Our many thanks to Marc Ostermeier for keeping SDM Blog in the loop.
April showers bring May flowers. “Like a Fire without Sound” (26 April 2011); personally I think those two fit together as snuggly as a sock on a foot. Where am I going with this? Well I’m trying to convey a sort of therapeutic imagery. Recently, I sat down with SDM and listened to Should’s new album “Like a Fire without Sound”; in the midst of opening this little music box I wasn’t sure what I’d be expecting. To my surprise… this was something extraordinary for the auditory. (Knowing how busy SDM has regrettably been, I knew I had to write this review with urgency and get the word out on this amazing band.)
I’ll be honest, “Like a Fire without Sound” is an extremely peaceful album, and in fact it has to be the most tranquil album I’ve listened to thus far. Should is a two person band who has been creating spectacular mental mosaics since 1998. Should’s music is neither absurd nor too silent; their music is actually very dream-popish with a hint of shoegaze. And as the melodies continue there is always the little spice of post-rock that spruces up the vicinity.
First of all I’d like to pull out the album’s name into spotlight: “Like a Fire without Sound,” what is traced into one’s memory? The Yule log? The 70’s? “Kingdom Hearts” (for all the modern readers)? The album starts off very slowly and well it remains at such a pace. Since May has started off as an extremely busy month for me it’s actually nice to take a seat and listen to something as calming as Should’s new album.
On my very first listen, I was automatically seduced when the first track came into play: “Glasshouse,” as attractive as the name is I was inspired to whirl myself into a midday daydream. With the intro being so eloquently composed one can only have a world of imaginations. Should enlaces their listeners with very enchanting lyrics -- “And I think I heard silence, for the first time it hit me,” which is why I am rushed into thoughts of a crackling fire that cannot speak through its charring cinders or being besides a babbling brook that refuses to hum.
With the following tracks of “Turned Tables,” “Slumberland,” and “Awake at Night,” I was sent on a prolific emotional roller coaster. When “Turned Tables” announced itself in my ears I was quiet excited since the prior track had made me a bit exhausted mentally. Its upbeat flow and slightly exotic use of guitar and drums allows the song to rise effortlessly just like their lyrics “Floating to the stars above, falling in clouds of love, daylight would have to wait.” But after this song slowly dissipates we are reduced to the rather quiet and slowed “Slumberland,” which seems to set the rather hyped heart from before to calm down a tad. And even with “Slumberland’s” catchy riffs we are introduced to the anxiety of “Awake at Night.” As vocalist Marc Ostermeier begins the song slowly in almost a lullaby-esque ambience by singing softly, “His hands are small, they settle down to rest upon his lap; his mind’s at ease, he breathes night air; there’s nothing much to see and I like watching him fighting to stay awake at night.” As I listened to this track (maybe the first several times) I imagined Ostermeier’s words as they were put into play, in my mind I see simple flash backs of being in a silent suburb, somewhere in a car driving down a road with much foliage. The fact that I can envision something so intricate really shows that Should has set a stable in my mind.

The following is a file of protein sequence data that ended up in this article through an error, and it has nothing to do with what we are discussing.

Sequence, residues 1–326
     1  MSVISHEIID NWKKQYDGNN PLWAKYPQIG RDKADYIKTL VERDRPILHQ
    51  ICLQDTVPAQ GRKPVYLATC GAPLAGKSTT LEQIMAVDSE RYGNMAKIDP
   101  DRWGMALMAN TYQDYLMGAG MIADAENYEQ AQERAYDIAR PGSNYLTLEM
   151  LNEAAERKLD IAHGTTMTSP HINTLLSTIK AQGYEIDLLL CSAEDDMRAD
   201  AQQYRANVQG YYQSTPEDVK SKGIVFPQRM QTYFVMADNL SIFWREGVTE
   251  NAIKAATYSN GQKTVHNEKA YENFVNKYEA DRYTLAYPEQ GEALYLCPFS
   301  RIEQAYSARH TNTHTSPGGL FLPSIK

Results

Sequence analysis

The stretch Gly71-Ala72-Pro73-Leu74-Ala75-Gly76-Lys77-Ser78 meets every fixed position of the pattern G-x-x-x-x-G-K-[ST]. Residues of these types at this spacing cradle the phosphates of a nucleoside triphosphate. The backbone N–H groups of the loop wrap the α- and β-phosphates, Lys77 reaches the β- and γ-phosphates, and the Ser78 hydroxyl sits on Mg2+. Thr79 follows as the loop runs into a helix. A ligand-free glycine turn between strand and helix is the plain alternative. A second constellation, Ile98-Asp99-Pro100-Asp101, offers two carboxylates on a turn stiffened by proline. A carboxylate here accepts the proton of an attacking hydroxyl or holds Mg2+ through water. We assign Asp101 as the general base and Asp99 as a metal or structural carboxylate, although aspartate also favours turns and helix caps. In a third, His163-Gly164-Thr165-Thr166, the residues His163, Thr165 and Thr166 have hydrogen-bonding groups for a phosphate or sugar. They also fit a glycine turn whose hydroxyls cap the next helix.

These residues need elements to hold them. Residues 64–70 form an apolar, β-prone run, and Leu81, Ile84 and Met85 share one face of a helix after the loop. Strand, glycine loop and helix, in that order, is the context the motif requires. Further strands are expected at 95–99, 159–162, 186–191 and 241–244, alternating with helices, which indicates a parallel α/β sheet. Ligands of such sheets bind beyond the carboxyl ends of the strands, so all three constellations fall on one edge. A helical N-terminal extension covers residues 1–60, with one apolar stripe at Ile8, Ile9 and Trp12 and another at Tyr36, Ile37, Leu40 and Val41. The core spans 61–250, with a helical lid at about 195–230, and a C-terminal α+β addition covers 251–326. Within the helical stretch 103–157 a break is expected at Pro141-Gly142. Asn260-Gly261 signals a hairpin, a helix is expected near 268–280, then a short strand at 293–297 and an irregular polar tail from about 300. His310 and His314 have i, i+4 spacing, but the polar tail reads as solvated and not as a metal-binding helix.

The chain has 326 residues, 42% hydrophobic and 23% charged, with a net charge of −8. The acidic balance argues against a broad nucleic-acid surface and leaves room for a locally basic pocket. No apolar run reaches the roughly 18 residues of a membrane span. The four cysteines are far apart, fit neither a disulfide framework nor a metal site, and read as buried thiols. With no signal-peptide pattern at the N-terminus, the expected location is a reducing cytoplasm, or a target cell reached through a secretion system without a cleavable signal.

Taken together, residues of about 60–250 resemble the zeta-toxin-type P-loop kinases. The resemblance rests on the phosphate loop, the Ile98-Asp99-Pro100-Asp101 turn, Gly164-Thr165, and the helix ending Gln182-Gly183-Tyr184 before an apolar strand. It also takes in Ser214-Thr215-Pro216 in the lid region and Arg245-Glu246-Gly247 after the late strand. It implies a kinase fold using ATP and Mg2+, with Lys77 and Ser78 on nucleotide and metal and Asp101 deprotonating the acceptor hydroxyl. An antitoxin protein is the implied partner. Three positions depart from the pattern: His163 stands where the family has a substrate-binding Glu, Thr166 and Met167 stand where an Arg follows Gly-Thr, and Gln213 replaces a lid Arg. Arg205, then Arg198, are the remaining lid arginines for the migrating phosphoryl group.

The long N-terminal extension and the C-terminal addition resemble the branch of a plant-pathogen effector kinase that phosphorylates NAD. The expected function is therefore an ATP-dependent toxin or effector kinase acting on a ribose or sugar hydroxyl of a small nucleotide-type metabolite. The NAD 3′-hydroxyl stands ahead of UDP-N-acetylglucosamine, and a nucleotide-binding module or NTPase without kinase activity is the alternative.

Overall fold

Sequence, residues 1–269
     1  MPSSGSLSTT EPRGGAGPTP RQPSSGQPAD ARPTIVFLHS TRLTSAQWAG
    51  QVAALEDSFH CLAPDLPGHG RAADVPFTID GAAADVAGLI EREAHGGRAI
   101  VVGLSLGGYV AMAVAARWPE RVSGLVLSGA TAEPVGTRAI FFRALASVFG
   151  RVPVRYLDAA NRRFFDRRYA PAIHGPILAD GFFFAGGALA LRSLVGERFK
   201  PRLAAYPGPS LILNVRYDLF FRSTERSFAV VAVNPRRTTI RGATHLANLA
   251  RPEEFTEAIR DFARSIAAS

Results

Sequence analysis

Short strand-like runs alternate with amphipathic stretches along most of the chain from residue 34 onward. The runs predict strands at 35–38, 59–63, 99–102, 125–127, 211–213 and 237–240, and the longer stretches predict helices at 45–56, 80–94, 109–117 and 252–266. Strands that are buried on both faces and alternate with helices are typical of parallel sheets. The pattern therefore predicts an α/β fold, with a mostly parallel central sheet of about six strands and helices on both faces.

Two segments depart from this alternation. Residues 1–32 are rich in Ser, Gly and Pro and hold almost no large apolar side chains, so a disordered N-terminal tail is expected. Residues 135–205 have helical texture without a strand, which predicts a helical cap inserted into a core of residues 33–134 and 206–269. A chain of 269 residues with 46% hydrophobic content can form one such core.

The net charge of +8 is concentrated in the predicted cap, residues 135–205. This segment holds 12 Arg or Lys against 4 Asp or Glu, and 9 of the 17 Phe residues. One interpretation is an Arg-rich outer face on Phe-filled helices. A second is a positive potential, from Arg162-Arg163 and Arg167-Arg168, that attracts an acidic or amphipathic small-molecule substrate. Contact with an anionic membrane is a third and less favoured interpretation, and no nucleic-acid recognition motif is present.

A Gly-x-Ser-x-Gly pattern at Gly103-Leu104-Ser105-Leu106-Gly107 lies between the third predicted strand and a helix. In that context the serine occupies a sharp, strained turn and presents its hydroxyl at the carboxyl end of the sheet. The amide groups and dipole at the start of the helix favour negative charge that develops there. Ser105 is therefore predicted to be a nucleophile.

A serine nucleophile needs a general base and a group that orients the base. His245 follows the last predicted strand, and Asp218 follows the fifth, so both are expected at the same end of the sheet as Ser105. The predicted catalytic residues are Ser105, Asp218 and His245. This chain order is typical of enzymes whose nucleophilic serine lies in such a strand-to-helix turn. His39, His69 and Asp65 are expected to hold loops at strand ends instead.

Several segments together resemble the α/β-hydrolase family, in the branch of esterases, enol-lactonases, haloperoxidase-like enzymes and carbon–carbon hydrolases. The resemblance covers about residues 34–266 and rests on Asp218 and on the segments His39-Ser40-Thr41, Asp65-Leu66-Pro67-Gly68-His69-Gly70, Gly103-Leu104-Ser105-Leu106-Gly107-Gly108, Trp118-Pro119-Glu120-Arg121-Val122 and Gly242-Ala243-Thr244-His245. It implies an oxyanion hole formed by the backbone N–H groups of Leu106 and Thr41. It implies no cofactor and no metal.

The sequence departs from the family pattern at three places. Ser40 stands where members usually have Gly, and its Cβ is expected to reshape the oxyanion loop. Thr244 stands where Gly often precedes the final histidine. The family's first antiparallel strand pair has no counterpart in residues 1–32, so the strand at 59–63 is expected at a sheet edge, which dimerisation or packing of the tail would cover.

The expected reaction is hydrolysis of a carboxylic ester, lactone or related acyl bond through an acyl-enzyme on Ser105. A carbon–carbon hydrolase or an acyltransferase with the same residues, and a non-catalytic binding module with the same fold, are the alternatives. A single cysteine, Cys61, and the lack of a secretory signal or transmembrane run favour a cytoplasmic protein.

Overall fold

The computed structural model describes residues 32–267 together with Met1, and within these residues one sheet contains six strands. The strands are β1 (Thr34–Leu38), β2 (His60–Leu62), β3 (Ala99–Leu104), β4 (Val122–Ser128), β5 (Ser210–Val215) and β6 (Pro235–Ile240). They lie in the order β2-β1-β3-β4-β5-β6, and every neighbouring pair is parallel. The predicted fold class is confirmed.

Of all the amazing tracks on Should’s “Like a Fire without Sound,” the very last track. “The Great Pretend,” has to be my favorite track. It’s a little more upbeat than the rest despite the extremely soft vocals of Ostermeier and Maus. Together they convey a harmonic peace that seems to captivate the noggin and send it into a side to side head bob. But let us replay all the thoughts that were placed on the table and simplify them: why listen to the same old music over and over again? Especially when you’ve had a hideous week thus far? Why not, instead of listening to the playlist that is literally embedded into your brain, listen to something that isn’t of the norm! Personally I think shifty dream-pop is an amazingly tantalizing for the ears when you’re used to the heavy creamer. And maybe, just maybe, you too will “Sit there for hours.” But to end on a rather serious note, take a scroll and a couple clicks over until you find Should’s new album, honestly it’s worth the listen, and it’s definitely worth the midday daydreams.
2. Turned Tables
4. Awake at Night
5. Just not Today
7. Always Returning
8. Famour for Her Dress
9. The Great Pretend
Keep up with Should at their homepage and MySpace. Feel free to head over to the Words On Music site where you can preview tracks and purchase the album.
Here is their video for “Turned Tables” from their Vimeo Channel: Should.